University President William Powers Jr., said he opposes a campus-wide ban on smoking in his annual address to UT staff on Thursday. Powers told Staff Council a complete ban on smoking would overstep the appropriate limits the University currently places on where individuals can smoke. What were doing is saying we are going to limit the freedom of the person who wants to smoke for the benefit of the people who dont want to be in a smoke-filled office or room, Powers said. I think that is perfectly appropriate, and I agree with that. This month, Student Government passed a resolution calling for a seven-year process to ban smoking campus-wide. The resolution would also make the University Health Services Quitters smoking-cessation classes available to faculty and staff without a fee. The four-class program is already available to students free of charge and to staff and faculty for a fee. SGs version of the rule would allow certain exceptions to the ban, similar to the way tailgating and the bar at the Cactus Cafe have become exceptions to the dry-campus policy, said SG administrative director Nathan Bunch when the student assembly passed the resolution. Powers said he understands limits on smoking in certain areas, possibly including outdoor areas, but said a complete ban alienates too many people. I think we ought to have reasonable places for our family staff, students, faculty whether I agree with them smoking or not, to accommodate their interests, Powers said. There are students and faculty and staff who smoke. Do we want to say to them, You cant work here? Staff Council chairman Ben Bond said members of the council have expressed support for each side of the issue. He said the council will discuss a resolution during its next monthly meeting. I honestly dont have a sense of where the council is going to come down on this, Bond said. Phillip Hebert, administrative associate in the College of Natural Sciences and council member, said he completely opposes a smoking ban. He said he thinks dealing with the possibility of more staff layoffs should take precedence to any work on a smoking ban. We are facing extremely hard times right now, with colleagues being laid off and positions being lost to attrition, Hebert said. I think its the wrong time to focus energy and resources on something as insignificant as smoking while youre walking outside. During his address, Powers said more small-scale layoffs could be on the way for staff, in addition to hundreds of layoffs during the last budget cycle. He said whether more staff are laid off and how many are laid off depends on the states general allocations and on specific departments plans for dealing with budget shortfalls. The Legislative Budget Board, an agency that recommends cuts to state agencies, suggested a $93.2 million cut to the UT budget. The University will probably be able to avoid any large-scale layoffs requiring reorganization of administration, he said. I wish I could say we have budget plans that will avoid all layoffs, but I cant say that, Powers said.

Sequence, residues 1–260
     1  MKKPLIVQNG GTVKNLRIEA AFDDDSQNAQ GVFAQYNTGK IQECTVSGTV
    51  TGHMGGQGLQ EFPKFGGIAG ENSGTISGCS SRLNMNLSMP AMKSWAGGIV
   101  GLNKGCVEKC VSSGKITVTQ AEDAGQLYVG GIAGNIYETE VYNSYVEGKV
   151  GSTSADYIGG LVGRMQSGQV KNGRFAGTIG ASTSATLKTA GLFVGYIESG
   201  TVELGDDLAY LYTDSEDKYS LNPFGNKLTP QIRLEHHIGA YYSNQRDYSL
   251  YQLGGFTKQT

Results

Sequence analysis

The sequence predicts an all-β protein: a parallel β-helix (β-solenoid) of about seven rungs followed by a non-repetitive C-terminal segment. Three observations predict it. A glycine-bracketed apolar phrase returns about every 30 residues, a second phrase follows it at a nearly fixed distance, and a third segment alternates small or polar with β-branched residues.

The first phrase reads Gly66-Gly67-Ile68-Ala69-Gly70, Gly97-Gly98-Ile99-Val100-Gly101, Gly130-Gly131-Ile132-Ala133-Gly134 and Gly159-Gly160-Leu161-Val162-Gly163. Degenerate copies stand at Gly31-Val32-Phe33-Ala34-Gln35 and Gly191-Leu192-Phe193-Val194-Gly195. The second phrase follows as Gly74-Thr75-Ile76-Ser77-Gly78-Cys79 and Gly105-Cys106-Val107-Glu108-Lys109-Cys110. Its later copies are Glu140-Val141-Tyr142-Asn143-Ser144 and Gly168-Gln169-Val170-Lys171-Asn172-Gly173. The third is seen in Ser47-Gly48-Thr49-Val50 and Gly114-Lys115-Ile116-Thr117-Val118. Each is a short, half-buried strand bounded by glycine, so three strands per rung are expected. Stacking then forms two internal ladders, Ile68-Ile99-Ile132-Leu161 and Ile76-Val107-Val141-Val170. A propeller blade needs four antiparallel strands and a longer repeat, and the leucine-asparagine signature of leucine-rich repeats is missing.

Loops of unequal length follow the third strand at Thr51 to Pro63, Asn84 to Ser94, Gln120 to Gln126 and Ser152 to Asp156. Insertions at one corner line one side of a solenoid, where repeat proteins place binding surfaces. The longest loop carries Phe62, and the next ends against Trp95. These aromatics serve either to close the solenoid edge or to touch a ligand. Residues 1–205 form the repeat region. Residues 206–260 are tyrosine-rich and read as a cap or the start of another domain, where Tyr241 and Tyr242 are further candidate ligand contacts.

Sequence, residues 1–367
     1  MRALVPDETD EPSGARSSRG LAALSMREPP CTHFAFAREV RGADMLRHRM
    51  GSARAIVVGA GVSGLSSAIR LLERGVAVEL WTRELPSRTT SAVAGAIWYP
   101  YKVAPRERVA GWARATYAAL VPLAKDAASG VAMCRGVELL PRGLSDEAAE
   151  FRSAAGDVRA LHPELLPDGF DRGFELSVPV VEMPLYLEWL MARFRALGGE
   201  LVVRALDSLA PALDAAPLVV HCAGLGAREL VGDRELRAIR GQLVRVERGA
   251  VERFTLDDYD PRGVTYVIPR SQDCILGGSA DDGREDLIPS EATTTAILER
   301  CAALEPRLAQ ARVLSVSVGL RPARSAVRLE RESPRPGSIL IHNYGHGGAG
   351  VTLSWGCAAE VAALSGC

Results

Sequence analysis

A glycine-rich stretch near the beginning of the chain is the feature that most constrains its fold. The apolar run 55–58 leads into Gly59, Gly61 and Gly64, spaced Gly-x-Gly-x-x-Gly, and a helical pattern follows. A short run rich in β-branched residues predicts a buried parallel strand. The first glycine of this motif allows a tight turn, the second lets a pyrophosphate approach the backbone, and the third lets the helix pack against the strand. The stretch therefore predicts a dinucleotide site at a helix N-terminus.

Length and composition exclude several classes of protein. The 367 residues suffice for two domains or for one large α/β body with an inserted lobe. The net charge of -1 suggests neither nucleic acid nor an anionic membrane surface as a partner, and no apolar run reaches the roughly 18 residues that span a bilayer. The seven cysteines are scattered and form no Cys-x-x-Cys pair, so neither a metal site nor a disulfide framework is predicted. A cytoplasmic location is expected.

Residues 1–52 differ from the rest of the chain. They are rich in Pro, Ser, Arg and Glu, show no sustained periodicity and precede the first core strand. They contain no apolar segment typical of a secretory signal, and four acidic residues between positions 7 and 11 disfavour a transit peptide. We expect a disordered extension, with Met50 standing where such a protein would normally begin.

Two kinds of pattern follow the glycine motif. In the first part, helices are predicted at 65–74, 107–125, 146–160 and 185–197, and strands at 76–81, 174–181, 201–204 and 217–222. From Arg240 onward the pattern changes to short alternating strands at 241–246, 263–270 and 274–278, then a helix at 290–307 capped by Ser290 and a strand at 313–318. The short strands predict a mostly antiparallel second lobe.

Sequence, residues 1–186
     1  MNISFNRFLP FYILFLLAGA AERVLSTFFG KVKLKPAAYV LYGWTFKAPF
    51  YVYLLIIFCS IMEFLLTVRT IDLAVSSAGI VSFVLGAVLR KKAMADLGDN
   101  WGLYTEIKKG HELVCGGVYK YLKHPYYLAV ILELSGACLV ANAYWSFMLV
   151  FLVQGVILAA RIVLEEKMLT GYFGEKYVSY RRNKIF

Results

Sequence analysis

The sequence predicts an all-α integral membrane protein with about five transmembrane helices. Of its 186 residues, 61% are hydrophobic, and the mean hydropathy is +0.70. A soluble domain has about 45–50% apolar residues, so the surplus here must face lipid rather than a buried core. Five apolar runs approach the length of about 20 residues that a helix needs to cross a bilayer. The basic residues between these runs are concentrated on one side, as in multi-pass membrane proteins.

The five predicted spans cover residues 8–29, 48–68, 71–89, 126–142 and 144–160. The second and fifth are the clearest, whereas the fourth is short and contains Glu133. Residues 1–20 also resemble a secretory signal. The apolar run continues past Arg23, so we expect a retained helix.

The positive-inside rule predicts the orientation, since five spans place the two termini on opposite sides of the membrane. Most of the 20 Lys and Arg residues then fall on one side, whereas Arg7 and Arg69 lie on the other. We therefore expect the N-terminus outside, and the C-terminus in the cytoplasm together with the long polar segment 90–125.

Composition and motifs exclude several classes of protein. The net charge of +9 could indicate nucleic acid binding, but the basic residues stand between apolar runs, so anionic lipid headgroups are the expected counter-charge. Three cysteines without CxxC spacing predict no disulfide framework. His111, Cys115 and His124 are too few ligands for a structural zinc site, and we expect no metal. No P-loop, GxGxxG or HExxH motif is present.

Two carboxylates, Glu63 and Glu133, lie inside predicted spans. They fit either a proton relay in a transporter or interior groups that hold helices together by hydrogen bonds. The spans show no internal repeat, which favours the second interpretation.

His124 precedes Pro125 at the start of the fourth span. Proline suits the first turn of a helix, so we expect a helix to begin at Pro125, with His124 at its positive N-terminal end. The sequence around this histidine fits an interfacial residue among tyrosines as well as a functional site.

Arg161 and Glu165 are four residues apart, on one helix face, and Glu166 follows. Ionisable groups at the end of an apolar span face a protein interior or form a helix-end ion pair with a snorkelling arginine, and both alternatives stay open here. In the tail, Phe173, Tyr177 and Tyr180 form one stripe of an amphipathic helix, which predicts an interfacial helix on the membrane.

UT staff will soon have similar conflict resolution resources as faculty and students. Interviews for a new staff ombudsperson position began Thursday. UT Staff Council recommended that President William Powers Jr., create the position in a May 2009 report created by the councils committee on grievance procedures. Interviews for the position began Thursday. Staff currently file grievances through the Conflict Management and Dispute Resolution Office in human resources. The committee found the existing grievance procedures too formal and too affiliated with a University office to handle every type of conflict. Council chair Ben Bond said individuals in the council have wanted the president to create the position since about 2002. He said the council sent requests to the president in the past, and he has been supportive of the new position. He was just waiting for a report that made sense, Bond said. Im very happy they responded to this report so now we can move on to other staff issues. The University has employed a student ombudsperson since 1969 and a faculty ombudsperson since 2004. An ombudsperson provides a safe place to have off-the-record conversations related to any kind of problem related to life at the University, said faculty ombudsperson Mary Steinhardt. Steinhardt, who is also a professor of kinesiology and health education, said if she thought her role as a professor interferes with her ability to remain neutral, she would call on the retired faculty ombudsperson to help. In addition to neutrality, both UT ombudspersons adhere to three other basic principles set out by the International Ombudsman Association: informality, confidentiality and independence. Lauren Bloom, social work graduate student and student ombudsperson, said adhering to these principles means never taking sides or advocating for any individual or group. Rather, she said she guides people to the proper resources, explains applicable University policies and mediates between willing parties. She said she also helps identify systemic problems with dated or ineffective policies for administrators and leadership groups, including Student Government and the Graduate Student Assembly. Unlike the existing part-time positions for faculty and students, the new staff ombudsperson will work full-time in that role. Charles Roeckle, deputy to the president, said Powers wanted to show support to staff despite the nearly $100-million cut to the 2012-13 budget. The staff council report estimated salaries for the full-time ombudsperson and full-time administrative assistant to total $125,000. The office will receive $2,700 annually for travel to conferences and workshops. The Office of the President will fund the staff ombudsperson office. Because of budget shortfalls, the University has cut close to 200 staff positions to date. Roeckle said beginning Thursday each of the five remaining candidates will interview with three groups of University employees, including administrators, faculty members and representatives from Staff Council. Its intended to be a very inclusive interview process over the next four weeks or so, Roeckle said.